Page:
January 28, 2020 at 11:27 am PST | by Karen Ocamb
Homosexuals forgotten during 75th anniversary of Auschwitz liberation

According to the United States Holocaust Memorial Museum, the total number of those murdered by Nazis and their collaborators during the Holocaust was 17 million men, women and children: 6 million were Jews and 11 million were other ethnicities, including Soviets, Slavs, Poles and Ukrainians, Romanis/Gypsies (classified as enemies of the state, like Jews), the disabled – and homosexuals.

No one really knows or seems to care how many LGBTQ people were killed, tortured, maimed or castrated, except, thankfully, the US Holocaust Museum. “More than one million gay Germans were targeted, of whom at least 100,000 were arrested and 50,000 were convicted and imprisoned,” reports the Museum via Wikipedia. An estimated 5,000 to 15,000 gay men were imprisoned in concentration camps and died at high rates, according to a survivor. They were forced to wear identifiable pink triangles, as were those convicted of pedophilia and bestiality.

But unlike other survivors liberated from concentration camps as World War II ended, gays were persecuted and re-imprisoned under Germany’s anti-gay law, Paragraph 175.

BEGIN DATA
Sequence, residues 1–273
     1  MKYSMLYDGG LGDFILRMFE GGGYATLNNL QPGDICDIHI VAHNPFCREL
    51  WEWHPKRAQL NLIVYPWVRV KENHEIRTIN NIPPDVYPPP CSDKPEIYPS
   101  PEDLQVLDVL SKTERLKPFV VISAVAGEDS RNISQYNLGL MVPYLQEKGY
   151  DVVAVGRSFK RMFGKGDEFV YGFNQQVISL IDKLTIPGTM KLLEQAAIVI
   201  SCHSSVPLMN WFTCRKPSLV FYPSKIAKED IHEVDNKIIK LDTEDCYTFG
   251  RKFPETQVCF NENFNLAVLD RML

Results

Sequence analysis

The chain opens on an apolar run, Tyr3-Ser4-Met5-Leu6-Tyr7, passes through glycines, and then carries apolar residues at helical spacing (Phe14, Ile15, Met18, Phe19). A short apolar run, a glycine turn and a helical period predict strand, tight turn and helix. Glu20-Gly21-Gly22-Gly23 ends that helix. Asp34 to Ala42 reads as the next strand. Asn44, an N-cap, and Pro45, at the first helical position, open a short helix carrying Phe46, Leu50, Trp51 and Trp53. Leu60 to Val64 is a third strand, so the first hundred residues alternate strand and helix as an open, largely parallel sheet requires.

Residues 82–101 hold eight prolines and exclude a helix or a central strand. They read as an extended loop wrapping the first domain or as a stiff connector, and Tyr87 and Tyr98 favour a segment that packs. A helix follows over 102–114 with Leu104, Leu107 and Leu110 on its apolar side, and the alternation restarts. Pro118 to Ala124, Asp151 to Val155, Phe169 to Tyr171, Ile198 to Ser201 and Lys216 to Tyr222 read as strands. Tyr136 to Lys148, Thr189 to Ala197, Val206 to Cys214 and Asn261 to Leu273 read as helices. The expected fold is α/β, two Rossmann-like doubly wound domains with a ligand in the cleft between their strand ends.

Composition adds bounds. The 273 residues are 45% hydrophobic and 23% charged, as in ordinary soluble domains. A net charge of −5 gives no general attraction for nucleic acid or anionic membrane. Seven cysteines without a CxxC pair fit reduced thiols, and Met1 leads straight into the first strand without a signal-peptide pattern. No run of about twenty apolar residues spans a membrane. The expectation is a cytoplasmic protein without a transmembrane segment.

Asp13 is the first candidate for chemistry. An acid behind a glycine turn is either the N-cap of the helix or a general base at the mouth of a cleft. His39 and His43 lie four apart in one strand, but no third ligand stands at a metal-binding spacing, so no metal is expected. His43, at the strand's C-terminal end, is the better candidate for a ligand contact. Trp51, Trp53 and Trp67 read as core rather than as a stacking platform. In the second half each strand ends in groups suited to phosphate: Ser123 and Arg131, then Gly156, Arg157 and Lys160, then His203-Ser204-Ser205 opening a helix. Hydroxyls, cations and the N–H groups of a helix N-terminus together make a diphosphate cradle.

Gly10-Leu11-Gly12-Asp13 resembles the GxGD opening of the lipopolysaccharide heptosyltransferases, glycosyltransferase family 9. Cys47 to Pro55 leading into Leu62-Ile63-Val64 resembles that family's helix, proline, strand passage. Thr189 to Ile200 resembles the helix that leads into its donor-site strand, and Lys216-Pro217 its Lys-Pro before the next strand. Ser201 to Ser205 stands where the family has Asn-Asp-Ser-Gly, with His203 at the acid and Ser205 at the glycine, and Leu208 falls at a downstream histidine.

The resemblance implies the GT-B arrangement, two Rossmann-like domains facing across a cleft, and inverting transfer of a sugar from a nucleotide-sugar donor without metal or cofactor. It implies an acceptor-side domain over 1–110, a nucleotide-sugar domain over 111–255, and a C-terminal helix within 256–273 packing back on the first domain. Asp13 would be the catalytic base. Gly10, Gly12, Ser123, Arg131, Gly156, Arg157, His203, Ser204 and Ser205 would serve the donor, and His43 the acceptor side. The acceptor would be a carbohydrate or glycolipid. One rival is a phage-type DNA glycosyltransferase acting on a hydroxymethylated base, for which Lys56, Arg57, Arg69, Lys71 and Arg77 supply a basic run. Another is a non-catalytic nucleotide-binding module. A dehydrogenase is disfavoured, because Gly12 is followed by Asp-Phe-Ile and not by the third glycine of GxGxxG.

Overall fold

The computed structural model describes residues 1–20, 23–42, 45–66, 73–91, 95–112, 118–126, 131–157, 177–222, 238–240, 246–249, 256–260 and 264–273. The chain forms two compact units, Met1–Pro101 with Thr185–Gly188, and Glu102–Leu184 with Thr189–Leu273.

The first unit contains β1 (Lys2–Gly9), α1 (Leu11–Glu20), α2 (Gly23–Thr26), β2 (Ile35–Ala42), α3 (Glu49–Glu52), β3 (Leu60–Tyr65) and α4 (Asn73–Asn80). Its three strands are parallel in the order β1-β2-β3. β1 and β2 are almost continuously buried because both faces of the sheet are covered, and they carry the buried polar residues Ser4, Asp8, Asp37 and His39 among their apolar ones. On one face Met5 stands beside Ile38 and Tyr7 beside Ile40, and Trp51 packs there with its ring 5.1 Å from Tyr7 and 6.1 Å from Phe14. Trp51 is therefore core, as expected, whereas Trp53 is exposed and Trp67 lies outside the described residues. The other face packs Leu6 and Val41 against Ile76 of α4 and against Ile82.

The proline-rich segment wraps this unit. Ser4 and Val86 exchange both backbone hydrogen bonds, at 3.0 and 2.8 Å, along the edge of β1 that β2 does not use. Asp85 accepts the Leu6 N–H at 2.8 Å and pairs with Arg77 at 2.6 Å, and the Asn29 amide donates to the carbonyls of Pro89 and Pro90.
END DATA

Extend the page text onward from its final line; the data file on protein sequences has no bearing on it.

Adding to the cruelty is the ongoing insult of erasure. On Jan. 23, world leaders gathered in Jerusalem to commemorate the 75th anniversary of the liberation of Auschwitz on Jan. 27, 1945, repeating the promise to “never forget,” except the homosexuals.

“We gather to fulfill the solemn obligation, an obligation of remembrance, to never let the memory of those who died in the Holocaust to be forgotten by anyone anywhere in the world,” said Vice President Mike Pence, via Fox News. “Today we remember what happens when the powerless cry for help and the powerful refuse to answer.”

Photo of homosexual prisoners in Nazi concentration camp (Photo courtesy U.S. Holocaust Memorial Museum)

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